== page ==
A Beginner's Guide To Buying Antiques
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Antique Roadshow1 of 9
The world of antiques has a lot to offer, and it is more accessible than you might think. If you've been considering adding a piece or two to your home but aren't sure where to begin, this guide covers the basics—everything from what makes it an antique to the importance of provenance and more.
Value & Appraise2 of 9
One or two antiques can infuse a home with warmth and personal style. Unlike most new furniture, which decreases in value over time, your antique purchases will hold their value and may even increase in value over the years. Antique furniture was built to last; expect to find better materials and higher-quality construction than in new mass-produced furniture.
Antiques Defined3 of 9
An item must be at least 100 years old to be officially called an antique. Vintage goods are younger, usually at least 20 years old. Collectibles can be any popular item, no matter the age—they can also be vintage or antique.
Get Educated4 of 9
To get hands-on knowledge about antiques, simply visit antiques shops, auctions, and fairs. Many dealers will be happy to share their knowledge—just ask your questions during a slow time in the shop—not when it's swamped with visitors.
On the Hunt5 of 9
Hunting for antiques in person will give you the most accurate information and teach you what to look for—especially important when you are just beginning your education. You may even have luck at local garage sales—once you have your eyes trained for good antiques, you will be amazed at the pieces you'll find all around you.
Shopping Online6 of 9
Many online shops offer the convenience of antiquing from the comfort of your favorite chair—1stdibs.com and eBay are two of the most popular websites for antiques. If you want to try antiquing online, a few things to keep in mind: Large furniture can come with hefty shipping charges. Don't be afraid to ask for additional information, photos from different angles and exact measurements. Always inquire about the seller's return policy.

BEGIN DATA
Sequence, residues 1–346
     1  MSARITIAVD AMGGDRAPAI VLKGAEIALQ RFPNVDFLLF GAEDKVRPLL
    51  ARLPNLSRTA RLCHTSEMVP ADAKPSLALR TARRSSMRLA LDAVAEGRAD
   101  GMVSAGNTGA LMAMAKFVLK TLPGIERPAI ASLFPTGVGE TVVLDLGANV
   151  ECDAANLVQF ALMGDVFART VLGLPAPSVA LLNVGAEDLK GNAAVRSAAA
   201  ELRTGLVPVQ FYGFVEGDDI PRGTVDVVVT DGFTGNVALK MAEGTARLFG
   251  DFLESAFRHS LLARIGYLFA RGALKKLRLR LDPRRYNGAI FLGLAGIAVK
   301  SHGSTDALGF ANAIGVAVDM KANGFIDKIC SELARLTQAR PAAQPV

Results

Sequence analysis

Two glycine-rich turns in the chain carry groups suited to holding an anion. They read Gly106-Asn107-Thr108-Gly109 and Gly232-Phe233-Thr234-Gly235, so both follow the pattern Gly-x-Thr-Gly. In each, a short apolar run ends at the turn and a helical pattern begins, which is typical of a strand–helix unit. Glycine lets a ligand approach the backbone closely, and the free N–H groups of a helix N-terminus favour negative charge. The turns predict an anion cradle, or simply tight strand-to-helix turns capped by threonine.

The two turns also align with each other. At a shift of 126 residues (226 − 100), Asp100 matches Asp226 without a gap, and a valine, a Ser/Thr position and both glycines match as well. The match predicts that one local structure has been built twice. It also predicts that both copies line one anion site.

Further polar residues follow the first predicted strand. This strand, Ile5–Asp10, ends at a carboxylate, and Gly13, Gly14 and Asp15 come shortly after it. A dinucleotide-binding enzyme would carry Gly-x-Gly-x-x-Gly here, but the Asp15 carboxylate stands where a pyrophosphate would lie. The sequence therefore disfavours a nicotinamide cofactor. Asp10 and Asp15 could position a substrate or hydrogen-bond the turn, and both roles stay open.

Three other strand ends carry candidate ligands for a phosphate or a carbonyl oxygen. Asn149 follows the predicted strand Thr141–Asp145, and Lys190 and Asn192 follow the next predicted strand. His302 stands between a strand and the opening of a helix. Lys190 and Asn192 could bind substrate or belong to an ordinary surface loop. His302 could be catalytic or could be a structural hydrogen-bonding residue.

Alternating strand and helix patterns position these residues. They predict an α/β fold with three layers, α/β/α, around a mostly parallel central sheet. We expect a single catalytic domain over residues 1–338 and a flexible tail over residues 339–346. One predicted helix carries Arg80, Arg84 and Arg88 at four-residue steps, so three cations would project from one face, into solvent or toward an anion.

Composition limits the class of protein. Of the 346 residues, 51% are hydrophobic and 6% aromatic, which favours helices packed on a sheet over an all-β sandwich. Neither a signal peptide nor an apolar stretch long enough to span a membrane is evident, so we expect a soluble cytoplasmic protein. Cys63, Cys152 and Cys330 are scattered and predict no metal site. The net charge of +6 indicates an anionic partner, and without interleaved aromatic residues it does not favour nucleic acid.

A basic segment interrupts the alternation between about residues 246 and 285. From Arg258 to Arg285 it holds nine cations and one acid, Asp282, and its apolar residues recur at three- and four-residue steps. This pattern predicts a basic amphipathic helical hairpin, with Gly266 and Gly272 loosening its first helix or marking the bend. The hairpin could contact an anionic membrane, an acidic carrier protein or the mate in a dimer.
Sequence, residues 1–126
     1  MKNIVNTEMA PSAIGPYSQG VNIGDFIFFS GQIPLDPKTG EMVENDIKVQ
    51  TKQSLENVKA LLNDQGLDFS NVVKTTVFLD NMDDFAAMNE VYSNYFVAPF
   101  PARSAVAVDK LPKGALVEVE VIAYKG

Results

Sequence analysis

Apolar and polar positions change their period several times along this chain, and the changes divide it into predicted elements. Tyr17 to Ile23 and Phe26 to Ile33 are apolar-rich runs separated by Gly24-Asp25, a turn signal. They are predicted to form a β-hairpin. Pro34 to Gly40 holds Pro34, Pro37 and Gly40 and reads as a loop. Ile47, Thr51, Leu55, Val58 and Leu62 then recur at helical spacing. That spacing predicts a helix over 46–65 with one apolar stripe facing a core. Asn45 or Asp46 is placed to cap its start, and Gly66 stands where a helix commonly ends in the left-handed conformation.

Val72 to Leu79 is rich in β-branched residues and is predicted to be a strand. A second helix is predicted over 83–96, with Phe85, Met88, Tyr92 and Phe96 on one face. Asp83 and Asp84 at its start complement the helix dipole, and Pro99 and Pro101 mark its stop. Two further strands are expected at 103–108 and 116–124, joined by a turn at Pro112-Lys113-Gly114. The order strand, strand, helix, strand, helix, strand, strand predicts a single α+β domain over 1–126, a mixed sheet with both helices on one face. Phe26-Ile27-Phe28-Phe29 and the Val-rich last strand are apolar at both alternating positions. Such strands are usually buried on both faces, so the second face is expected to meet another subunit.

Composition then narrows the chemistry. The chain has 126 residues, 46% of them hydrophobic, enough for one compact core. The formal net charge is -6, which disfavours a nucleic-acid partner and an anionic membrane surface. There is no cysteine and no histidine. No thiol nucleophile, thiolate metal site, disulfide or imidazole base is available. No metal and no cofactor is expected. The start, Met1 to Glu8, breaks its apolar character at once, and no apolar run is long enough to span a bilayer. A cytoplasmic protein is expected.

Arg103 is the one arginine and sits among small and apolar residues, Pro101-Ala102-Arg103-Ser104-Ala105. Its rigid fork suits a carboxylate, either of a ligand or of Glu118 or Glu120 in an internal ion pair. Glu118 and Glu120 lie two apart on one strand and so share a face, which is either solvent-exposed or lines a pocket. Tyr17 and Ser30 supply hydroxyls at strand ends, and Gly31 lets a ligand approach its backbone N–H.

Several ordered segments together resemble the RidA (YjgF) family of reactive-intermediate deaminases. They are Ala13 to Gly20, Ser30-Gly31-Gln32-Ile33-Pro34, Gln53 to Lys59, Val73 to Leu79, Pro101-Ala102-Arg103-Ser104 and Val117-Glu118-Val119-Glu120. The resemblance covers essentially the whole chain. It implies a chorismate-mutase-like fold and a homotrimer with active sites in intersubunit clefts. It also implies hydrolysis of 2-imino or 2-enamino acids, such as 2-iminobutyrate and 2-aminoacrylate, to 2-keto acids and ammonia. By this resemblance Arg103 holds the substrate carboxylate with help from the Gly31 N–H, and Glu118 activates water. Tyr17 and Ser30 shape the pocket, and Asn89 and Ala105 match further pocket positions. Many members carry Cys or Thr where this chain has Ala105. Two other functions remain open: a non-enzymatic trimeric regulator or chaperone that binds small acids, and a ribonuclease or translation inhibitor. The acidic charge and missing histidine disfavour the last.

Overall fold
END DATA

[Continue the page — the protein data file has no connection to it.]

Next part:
Finding "The One"7 of 9
Ultimately, when you find a piece, think of your needs and style preferences—consider any investment value a bonus. Take a close look at the piece: Is it well constructed? Does it look like it's been well cared for? Note any wobbly legs, broken pieces, cracks and stains. And be sure to ask the seller about the history of the piece, if known.
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Proof of Purchase8 of 9
Provenance is proof of where a particular piece originally came from. Proof could include purchase receipts, documents from auction houses, professional appraisals, photographs and historical records. Generally, provenance is provided only for higher-value or rare antiques. Having documentation is important for insurance reasons or if you plan to sell the item at some point in the future.
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Reconsider Updates9 of 9
It can be wonderful to refresh an antique; just be aware that reupholstering, in general, can be quite costly. Additionally, really high-quality antiques might lose value if you replace the original fabrics or finishes—even if they are in bad shape. That said, if your budget allows and the piece warrants it, re-covering an antique chair or sofa with a beautiful new fabric can be rewarding—further making the piece your own and blending it into your home.
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